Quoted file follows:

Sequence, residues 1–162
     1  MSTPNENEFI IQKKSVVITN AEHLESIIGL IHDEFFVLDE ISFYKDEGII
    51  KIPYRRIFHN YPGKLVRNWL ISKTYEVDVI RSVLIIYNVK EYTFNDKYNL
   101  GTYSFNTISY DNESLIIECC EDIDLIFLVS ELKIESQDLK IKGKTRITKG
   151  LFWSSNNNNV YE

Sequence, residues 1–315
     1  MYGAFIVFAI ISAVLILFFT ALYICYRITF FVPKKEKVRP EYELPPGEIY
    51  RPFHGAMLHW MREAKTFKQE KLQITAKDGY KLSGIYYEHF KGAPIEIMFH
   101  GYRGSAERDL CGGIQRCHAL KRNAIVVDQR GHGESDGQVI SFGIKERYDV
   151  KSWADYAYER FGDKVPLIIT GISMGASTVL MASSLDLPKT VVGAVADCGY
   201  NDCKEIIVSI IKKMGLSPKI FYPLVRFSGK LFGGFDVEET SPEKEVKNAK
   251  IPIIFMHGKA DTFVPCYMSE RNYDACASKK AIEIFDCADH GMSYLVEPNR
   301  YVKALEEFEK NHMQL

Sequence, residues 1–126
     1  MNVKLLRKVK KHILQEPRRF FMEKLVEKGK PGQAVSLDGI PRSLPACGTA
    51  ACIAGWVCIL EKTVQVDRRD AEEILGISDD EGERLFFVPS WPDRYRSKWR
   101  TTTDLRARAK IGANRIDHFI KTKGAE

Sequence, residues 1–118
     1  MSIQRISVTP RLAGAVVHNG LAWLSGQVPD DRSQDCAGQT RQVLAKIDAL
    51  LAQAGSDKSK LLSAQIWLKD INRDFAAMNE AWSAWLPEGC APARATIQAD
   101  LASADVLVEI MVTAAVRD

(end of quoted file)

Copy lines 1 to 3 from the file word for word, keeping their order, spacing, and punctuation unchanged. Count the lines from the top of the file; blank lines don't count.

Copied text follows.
Sequence, residues 1–162
     1  MSTPNENEFI IQKKSVVITN AEHLESIIGL IHDEFFVLDE ISFYKDEGII
    51  KIPYRRIFHN YPGKLVRNWL ISKTYEVDVI RSVLIIYNVK EYTFNDKYNL